Claudey Gustave, a senior at Booker T. Washington High School, always had an affinity for business and dreamed of running his own company. But he was not sure what area of business he wanted to pursue.
“I’ve always wanted to be somewhere in business and I really haven’t figured out what part yet,” said Claudey, 17.
Then his high school partnered with the Dade County Federal Credit Union and his path was made clear.
“I’m really thinking finance now,” Claudey said.
He is gaining the experience in finance through the student-run credit union at his high school. Claudey and other student tellers open accounts and make transactions for customers.
The students, who are in the school’s Math and Finance Academy, receive an honor credit for working at the school’s credit union. This past summer, they trained with manager Jenay Major, 24, for six weeks. Major said working with the students was fun, and she tailored the training to keep their interest.
“I had to make it more fun and more interesting to learn the policies and procedures and the actual work,” Major said.
Major manages the students at the school branch. The credit union is in the school’s cafeteria, and the busiest time is during the lunch period.
Yelena Revere, head of the school’s career and technical education department, said the branch location is the most convenient for the student customers who come in on their break to make deposits.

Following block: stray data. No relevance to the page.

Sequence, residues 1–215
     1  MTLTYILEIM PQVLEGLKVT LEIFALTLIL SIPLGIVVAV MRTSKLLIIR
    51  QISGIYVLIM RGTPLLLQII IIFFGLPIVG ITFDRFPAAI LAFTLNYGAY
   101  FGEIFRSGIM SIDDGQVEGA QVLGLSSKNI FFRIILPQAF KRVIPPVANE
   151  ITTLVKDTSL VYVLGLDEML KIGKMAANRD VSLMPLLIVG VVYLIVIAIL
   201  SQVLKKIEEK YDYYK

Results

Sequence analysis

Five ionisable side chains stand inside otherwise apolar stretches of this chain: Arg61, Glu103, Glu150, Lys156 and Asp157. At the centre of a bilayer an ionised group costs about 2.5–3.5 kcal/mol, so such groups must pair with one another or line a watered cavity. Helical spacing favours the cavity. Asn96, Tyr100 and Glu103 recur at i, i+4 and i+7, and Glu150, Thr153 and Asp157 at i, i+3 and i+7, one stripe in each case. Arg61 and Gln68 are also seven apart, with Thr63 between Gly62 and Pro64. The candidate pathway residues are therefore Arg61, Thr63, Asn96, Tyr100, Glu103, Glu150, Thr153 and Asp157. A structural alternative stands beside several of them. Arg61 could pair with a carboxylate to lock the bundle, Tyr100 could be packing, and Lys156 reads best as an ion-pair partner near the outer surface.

Setting up a student-run business has been a dream for Revere since 2003, when she saw other schools present their student-run businesses at a conference that prepares young people for college and career success. Revere said it was tough getting companies to bite into her idea because of the school’s D grade, but Revere feels their grade should not limit their opportunities to succeed.
“They didn’t want to come to into the area because of the school’s grade. Well, when you tell me that, that gives me more of a drive,” Revere said. “My students need the same opportunity as an A school, a B school.”
Revere wants the students to learn financial responsibility from this experience.
“Cause when you’re talking about financial literacy, it starts here,” said Revere. “My reasoning is if you want to break the cycle of poverty and what’s going on, you have to train them.”
Tyrone Blake, 17, likes the idea of being financially responsible. He was encouraged to open an account by his friend, Valery Gue, 17 who is a teller at the branch.
“I didn’t have a debit card, so it was an easy opportunity to get a card to put money on.”
Tyrone, a senior, is one of the 46 new accounts that the branch has opened. He said his parents were proud and shocked that he decided to open an account.
“They thought I was very responsible. They didn’t think I would open an account,” Tyrone said. “They thought I would put it in a piggy bank.”
For Valery, helping his fellow classmates be mature about their financial decisions is what he enjoys doing the most.
“I think that was my best part. Giving them the money, serving them, having conversations with them, helping the people,” Valery said.
He dreams of becoming an accountant one day and sees this opportunity as a steeping stone to accomplish his dream.
“I definitely chose this because I want to be an accountant,” Valery said. “I see it as an opportunity to solidify this and get a better knowledge about it.”